An Egyptian court on Thursday sentenced the top leader of the banned Muslim Brotherhood, Mohammed Badie, and 15 others to 25 years imprisonment each on charges of inciting violence in August 2013, the media reported.
The court that sat in southern Cairo, also sentenced 77 co-defendants in the same case to 15 years imprisonment each, Egyptian state television reported online.
The convicts also faced charges of subverting state institutions and illegally possessing firearms, the broadcaster added.
All the rulings can be appealed.
The case dates back to August 2013 when angry Islamists attacked state buildings and a Christian school in the southern province of Beni Sueif in response to a deadly security clearance of two sit-ins by Islamists in Cairo.
Scores of people participating in the sit-ins were killed by the security operatives.
In 2013, the army deposed President Mohammed Morsi of the Muslim Brotherhood following mass protests against his rule.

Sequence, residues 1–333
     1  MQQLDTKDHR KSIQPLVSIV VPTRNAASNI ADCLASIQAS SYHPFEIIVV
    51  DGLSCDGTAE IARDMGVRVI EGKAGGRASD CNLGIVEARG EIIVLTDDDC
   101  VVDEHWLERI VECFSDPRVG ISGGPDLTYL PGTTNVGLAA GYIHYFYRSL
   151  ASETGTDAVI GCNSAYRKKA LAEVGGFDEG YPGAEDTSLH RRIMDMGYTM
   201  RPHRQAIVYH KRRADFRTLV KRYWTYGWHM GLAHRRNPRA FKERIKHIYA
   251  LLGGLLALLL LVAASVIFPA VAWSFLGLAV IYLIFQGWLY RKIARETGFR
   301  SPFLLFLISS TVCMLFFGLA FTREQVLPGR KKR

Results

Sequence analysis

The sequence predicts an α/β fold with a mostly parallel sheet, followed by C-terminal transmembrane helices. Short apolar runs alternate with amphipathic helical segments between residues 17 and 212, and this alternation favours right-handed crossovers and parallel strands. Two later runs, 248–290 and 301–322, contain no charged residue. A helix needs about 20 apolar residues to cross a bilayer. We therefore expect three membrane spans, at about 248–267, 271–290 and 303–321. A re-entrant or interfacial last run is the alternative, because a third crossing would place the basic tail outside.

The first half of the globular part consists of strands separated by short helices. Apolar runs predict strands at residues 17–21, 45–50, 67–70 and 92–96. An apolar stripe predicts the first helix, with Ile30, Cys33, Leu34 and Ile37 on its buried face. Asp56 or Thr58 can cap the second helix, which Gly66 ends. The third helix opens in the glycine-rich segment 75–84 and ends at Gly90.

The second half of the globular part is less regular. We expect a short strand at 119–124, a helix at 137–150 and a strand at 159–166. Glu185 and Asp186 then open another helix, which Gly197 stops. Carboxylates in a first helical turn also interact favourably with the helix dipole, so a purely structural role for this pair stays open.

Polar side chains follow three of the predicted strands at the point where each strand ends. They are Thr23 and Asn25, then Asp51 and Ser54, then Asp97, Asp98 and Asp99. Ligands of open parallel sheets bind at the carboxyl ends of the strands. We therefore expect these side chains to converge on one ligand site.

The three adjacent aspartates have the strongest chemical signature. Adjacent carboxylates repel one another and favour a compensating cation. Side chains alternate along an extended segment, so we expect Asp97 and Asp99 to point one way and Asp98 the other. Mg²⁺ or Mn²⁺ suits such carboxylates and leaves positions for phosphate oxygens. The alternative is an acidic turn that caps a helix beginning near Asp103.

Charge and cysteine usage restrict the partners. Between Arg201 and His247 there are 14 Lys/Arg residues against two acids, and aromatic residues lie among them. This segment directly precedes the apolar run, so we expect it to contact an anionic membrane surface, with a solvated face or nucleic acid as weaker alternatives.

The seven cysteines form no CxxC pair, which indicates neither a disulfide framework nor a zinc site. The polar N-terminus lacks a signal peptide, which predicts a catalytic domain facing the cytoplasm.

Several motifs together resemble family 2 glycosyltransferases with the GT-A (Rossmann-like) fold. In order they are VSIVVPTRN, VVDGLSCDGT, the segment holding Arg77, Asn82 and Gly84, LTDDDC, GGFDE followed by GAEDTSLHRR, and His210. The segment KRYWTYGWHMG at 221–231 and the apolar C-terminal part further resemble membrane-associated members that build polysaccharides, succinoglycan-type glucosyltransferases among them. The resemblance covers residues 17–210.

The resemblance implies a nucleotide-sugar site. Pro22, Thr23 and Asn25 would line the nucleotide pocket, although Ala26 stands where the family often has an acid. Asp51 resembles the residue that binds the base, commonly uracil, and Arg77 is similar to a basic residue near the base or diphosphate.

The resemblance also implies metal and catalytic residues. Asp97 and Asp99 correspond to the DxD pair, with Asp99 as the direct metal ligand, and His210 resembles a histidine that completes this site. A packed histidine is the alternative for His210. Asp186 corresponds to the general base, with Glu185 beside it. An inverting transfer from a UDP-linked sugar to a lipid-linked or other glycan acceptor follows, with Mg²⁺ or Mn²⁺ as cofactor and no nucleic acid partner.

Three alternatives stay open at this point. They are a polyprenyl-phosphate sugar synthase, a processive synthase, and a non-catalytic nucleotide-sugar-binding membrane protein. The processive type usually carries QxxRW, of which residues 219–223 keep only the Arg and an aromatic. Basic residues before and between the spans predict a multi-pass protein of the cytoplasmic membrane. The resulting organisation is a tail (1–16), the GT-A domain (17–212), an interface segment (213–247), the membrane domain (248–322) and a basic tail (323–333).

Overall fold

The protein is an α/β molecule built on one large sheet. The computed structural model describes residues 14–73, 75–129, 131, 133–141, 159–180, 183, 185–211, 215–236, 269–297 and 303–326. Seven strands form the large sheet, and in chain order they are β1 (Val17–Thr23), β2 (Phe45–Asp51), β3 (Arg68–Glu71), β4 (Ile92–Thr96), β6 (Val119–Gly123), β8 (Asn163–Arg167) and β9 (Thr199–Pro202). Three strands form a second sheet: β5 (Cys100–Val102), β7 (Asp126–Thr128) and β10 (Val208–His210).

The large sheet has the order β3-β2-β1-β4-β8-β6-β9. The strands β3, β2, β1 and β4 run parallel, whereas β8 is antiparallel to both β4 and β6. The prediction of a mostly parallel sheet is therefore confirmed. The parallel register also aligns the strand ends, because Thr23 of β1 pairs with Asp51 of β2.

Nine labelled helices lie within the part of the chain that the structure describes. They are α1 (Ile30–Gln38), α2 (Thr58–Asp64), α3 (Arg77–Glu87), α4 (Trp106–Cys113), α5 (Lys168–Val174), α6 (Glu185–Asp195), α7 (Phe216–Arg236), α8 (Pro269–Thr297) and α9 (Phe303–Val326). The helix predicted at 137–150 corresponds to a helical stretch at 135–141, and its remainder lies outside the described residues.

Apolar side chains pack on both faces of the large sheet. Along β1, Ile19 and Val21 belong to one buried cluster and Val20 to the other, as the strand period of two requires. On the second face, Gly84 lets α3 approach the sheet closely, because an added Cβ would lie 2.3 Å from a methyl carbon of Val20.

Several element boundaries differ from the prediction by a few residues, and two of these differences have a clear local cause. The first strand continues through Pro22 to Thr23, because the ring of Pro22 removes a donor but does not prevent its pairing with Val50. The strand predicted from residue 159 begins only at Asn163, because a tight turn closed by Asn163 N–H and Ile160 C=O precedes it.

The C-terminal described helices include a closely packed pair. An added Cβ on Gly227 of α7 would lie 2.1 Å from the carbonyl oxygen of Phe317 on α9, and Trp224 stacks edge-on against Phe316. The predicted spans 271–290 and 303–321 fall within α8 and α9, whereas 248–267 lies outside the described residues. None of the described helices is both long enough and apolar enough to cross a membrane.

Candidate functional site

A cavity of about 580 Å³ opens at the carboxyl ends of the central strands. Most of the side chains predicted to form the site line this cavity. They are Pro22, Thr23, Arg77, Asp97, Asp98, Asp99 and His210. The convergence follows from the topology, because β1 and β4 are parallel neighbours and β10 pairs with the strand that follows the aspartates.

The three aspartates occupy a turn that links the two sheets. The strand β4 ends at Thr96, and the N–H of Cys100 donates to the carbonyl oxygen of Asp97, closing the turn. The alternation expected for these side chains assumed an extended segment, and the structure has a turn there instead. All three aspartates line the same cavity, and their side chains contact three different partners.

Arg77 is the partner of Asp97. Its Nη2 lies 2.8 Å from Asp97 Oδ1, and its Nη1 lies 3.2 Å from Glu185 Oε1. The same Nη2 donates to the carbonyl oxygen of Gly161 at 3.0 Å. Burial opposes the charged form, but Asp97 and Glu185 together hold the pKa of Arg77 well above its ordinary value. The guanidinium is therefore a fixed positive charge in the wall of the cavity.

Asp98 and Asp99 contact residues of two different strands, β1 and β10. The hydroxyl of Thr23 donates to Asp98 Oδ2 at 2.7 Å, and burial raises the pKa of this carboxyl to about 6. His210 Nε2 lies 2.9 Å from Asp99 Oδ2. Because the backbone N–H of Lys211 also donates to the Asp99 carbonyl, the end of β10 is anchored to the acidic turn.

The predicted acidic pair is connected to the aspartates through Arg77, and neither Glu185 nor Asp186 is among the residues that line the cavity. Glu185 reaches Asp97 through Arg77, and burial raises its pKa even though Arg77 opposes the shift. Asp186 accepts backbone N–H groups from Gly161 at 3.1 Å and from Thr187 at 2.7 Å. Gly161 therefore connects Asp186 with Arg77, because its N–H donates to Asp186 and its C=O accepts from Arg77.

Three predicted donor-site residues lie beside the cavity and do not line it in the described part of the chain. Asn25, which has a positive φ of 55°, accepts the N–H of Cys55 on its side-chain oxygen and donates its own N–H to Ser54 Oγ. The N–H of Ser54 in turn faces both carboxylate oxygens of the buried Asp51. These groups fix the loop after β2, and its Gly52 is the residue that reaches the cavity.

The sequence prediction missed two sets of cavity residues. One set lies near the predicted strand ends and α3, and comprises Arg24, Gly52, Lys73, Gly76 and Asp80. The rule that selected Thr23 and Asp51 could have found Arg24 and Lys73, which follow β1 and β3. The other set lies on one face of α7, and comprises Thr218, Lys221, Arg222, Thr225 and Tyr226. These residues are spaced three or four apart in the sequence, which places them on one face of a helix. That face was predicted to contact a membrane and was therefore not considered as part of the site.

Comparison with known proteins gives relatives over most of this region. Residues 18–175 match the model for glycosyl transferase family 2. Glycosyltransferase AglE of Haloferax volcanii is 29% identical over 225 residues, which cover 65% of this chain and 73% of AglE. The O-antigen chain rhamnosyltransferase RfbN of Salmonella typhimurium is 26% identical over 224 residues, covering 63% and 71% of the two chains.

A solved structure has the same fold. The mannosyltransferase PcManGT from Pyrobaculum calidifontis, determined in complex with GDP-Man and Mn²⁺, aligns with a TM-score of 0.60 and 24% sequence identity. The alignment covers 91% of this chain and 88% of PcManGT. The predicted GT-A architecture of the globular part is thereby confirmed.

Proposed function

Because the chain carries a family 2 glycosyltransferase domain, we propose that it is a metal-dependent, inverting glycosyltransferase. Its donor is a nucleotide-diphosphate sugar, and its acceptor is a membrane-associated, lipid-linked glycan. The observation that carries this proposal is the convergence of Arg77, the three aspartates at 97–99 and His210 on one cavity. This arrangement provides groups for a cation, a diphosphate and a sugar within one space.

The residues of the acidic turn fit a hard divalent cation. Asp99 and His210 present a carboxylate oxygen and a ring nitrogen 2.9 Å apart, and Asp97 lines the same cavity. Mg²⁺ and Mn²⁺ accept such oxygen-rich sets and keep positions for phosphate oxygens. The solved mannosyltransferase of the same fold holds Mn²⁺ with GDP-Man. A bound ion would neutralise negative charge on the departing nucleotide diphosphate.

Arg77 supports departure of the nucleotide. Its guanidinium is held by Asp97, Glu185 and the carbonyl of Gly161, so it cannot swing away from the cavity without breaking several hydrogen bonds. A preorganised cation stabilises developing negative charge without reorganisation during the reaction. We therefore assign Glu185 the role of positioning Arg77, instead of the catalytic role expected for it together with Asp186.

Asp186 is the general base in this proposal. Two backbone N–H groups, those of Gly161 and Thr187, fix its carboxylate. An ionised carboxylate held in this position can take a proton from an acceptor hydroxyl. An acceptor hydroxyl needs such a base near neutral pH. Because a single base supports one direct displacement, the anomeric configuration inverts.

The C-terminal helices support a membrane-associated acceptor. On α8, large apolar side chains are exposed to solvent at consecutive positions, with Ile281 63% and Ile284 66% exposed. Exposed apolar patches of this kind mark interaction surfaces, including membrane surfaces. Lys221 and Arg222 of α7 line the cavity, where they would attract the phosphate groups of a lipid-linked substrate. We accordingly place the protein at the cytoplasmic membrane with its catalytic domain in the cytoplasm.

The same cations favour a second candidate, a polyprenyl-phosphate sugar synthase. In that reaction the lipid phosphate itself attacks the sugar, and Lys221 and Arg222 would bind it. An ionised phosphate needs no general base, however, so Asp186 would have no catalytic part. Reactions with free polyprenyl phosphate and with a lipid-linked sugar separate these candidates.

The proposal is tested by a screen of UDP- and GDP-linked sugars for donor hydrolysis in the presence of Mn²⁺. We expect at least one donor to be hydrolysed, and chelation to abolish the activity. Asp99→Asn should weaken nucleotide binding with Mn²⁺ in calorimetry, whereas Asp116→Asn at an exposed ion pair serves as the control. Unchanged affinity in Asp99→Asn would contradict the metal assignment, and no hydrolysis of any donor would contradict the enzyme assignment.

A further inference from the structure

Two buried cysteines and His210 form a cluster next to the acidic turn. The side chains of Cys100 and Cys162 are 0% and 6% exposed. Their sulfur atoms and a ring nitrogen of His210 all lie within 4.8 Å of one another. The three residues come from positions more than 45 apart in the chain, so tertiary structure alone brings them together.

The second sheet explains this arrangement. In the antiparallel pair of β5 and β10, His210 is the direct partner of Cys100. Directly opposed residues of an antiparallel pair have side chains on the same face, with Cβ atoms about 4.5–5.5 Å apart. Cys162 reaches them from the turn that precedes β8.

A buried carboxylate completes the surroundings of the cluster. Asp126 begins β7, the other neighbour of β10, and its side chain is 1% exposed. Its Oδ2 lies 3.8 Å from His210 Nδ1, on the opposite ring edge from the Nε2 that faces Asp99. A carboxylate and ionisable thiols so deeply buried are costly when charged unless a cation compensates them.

Mr. Badie has since been handed four death sentences in separate cases, all of which have been overturned by Egypt’s top appeal court.
Since Mr. Morsi’s overthrow, Egyptian authorities have rounded up thousands of Islamists and put them on trial for allegedly inciting and participating in violent riots.
The Muslim Brotherhood has repeatedly dismissed the charges as politically motivated.
The Egyptian government insists the country’s judiciary operates independently.
Local and international human rights organisations have condemned the Egyptian government for the mass detentions and trials which have also affected journalists and civil activists.